Collaboration as curatorial model
Michael Brand, Elizabeth Ann Macgregor and Lisa Havilah join forces to announce The National: they chose Central Station in Sydney to make the announcement to ensure neutrality and reinforce their joint platform; supplied.
Gina Fairley, Collaboration appears to be the new curatorial model, Visual Arts Hub, August 2017
A growing trend stimulates a rethink and a conversation about the effectiveness of curatorial collaborations as a new model for galleries.
This month the Bayanihan Philippine Art Project will be presented across five Sydney city and metropolitan venues, each exhibition individually curated but marketed under a single banner.
Earlier in the year (March-May), we welcomed the inaugural edition of The National: New Australian Art, a biennial style exhibition across three of Sydney’s major arts organisations, steered by a jointly formed curatorium.
And completing the trifecta in curatorial collaborations, Destination Sydney bought together three, second-tier metropolitan galleries in a shared narrative to bolster clout, trailblazing the idea back in 2015. Again, each show took its own curatorial direction but were packaged together to increase visibility and promote foot traffic.
Read more on the Bayanihan Philippine Art Project: Does predictability make a good exhibition?
What we appear to be witnessing is a new model within curatorial circles that attempts to better utilise resources between organisations – not just by partnering from a branding perspective, aka the traditional “cultural tourism trail” and shared advertising, but by shaping a shared curatorial vision.
This is not easy to do within a competitive environment where future programming is as guarded as hidden treasures. Traditionally, galleries and museums have welcomed partnering but have held their curatorial IP as sacred.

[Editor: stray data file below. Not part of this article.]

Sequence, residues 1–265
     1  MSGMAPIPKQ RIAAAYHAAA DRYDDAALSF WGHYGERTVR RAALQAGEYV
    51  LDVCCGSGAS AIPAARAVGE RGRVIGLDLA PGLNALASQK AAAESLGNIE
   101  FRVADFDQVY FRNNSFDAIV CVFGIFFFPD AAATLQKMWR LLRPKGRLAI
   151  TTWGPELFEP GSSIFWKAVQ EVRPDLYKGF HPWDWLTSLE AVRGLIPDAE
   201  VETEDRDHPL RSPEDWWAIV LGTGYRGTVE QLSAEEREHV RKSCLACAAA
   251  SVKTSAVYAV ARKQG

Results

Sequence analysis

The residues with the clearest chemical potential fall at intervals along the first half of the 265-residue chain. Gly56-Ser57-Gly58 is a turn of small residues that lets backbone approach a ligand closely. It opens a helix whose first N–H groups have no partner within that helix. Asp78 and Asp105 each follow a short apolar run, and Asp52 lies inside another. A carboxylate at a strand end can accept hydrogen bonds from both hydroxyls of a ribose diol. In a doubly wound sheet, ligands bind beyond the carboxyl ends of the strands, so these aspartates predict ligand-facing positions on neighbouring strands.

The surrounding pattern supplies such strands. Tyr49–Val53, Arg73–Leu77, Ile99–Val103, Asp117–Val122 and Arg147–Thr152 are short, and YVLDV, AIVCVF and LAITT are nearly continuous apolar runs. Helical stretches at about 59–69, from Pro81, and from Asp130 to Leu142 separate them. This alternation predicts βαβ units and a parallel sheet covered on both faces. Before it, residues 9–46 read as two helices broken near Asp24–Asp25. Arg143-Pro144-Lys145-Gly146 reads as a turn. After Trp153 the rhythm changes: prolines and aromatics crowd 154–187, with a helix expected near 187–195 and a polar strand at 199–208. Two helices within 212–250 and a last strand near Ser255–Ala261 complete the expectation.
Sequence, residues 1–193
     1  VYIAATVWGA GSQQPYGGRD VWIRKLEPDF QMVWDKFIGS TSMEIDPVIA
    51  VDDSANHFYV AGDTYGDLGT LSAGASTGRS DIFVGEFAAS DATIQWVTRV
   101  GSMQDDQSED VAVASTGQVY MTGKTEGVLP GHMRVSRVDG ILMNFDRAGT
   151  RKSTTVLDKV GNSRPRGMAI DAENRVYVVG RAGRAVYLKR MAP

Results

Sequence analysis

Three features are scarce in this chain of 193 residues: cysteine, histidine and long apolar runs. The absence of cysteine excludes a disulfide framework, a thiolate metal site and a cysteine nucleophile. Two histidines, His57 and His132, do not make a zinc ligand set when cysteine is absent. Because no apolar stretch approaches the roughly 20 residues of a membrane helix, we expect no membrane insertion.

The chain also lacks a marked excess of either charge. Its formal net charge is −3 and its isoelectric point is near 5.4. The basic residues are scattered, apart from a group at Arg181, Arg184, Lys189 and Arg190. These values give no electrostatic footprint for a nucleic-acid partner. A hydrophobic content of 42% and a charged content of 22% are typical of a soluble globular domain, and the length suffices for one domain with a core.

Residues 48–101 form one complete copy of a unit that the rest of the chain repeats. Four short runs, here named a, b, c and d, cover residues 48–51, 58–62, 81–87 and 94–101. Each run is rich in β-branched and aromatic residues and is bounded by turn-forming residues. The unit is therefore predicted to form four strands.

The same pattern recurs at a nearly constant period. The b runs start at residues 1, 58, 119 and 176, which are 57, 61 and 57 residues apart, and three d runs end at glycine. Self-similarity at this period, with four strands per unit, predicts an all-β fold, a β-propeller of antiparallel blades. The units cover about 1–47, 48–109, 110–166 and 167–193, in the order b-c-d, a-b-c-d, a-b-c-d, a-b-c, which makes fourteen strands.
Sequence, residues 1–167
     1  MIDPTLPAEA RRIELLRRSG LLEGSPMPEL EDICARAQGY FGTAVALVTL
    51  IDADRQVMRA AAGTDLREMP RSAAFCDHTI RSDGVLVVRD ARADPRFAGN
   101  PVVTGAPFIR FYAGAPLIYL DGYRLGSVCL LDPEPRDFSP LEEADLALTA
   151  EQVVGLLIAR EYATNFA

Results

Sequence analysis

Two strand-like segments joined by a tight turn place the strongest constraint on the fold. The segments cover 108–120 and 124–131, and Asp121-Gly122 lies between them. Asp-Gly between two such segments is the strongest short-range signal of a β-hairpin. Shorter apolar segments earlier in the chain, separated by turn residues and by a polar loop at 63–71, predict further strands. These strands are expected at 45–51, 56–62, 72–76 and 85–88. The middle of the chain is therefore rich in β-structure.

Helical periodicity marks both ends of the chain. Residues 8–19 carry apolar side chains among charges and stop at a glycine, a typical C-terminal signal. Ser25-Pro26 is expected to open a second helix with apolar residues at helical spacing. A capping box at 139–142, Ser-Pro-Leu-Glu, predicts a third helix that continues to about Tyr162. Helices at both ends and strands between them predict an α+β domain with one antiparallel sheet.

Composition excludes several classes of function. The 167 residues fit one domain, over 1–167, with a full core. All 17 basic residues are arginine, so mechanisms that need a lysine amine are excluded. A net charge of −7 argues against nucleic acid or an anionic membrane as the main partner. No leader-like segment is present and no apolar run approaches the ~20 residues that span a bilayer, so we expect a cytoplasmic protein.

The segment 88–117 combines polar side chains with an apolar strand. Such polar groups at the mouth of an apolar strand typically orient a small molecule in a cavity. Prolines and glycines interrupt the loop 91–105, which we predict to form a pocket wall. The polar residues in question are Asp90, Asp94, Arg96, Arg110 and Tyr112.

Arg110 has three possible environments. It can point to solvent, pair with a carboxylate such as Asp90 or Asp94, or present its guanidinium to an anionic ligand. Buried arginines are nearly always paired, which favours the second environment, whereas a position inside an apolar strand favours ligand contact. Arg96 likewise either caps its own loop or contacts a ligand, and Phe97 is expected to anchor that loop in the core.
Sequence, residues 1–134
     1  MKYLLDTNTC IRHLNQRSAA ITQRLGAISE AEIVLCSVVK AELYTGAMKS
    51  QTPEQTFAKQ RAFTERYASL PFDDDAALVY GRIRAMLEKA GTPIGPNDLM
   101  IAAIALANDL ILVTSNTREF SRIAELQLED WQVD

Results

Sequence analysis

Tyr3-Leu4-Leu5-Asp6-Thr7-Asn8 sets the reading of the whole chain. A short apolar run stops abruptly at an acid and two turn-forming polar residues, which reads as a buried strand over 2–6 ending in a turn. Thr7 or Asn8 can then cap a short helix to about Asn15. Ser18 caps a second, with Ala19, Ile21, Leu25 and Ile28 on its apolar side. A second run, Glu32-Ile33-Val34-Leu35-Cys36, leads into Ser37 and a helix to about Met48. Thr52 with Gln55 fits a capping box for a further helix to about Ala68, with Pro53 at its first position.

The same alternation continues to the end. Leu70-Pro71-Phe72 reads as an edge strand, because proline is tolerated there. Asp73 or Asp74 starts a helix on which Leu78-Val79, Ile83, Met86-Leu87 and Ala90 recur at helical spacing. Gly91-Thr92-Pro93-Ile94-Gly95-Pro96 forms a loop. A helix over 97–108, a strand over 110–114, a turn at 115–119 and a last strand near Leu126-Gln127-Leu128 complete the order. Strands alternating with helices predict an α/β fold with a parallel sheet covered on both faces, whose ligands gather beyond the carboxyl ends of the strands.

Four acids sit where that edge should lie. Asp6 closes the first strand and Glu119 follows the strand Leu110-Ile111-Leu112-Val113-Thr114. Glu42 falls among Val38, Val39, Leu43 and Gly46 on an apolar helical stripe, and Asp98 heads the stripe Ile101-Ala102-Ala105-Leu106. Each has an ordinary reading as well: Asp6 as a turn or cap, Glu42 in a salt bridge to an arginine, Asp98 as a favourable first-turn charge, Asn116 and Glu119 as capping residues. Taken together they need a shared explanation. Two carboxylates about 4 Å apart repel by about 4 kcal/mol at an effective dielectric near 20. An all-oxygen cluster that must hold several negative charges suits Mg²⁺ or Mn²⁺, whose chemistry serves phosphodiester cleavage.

Katrina Cashman, Curator at Mosman Art Gallery (MAG) told ArtsHub: ‘This approach offers so much more than notions of simply sharing costs or marketing resources. It’s a meaningful opportunity, and offers a “testing ground” amongst trusted colleagues for curatorial ideas to incubate.’
MAG will be hosting a forthcoming seminar on the topic, which describes: ‘The model of art galleries and museums working collaboratively on innovative curatorial projects is the currency of our age.’
It continues: ‘Increasingly there is an expectation from funding bodies for institutions to develop successful partnerships and curatorial projects to support their programs.’
Director Mosman Art Gallery, John Cheeseman added: ‘Thinking collaboratively is thinking bigger and smarter, and is a clear sign that participating institutions are curatorially ambitious, innovative and open to ideas. I believe there are substantial opportunities for galleries and museums to engage in a greater range of collaborations that could range from regional groupings of institutions, to national and international partnerships of scale.’
The seminar, titled Collaborations and Partnerships – Towards new curatorial models and modes of working, will look at four case studies and will be held on 1 September.
‘One lesson from these case studies is that there is no standard way for institutions to collaborate – each project has taken a bespoke approach,’ Cheeseman added.
So is it really a new idea?
Collaboration is hardly a new concept within the visual arts. Artists have been collaborating on making work for centuries, if we think back to Atelier studios.
The touring exhibition has long been the primary mode for connecting galleries, through the sharing of exhibitions across multiple audiences. Parallel to that, there has been a growing adoption of cultural tourism as a means of broadening audiences – that is, strategically looking beyond your plot to the neighbourhood to partner and package programming. It is a way of minimising – or parcelling – expenditure for a maximum result.
So what is new here?
There is arguably another model emerging. This is where a single exhibition is presented across multiple venues. In an odd way it has the framework of a biennale, but when applied to the regional and metropolitan gallery sector it becomes a powerful way of aggregating programming and audiences.
Destination Sydney, presented across Mosman Art Gallery, Manly Art Gallery & Museum and SH Ervin Gallery in December 2015 – February 2016, redefined the way exhibitions were conducted in Sydney, said Cheeseman.
He added: ‘The three participating venues created a temporary multi-venue institution that has the size, reach and breadth of vision to compete with any major gallery in Australia.’
Director of SH Ervin Gallery, Jane Watters added: ‘Destination Sydney as an exhibition would not have had the same impact had it only occurred in only one of the galleries.’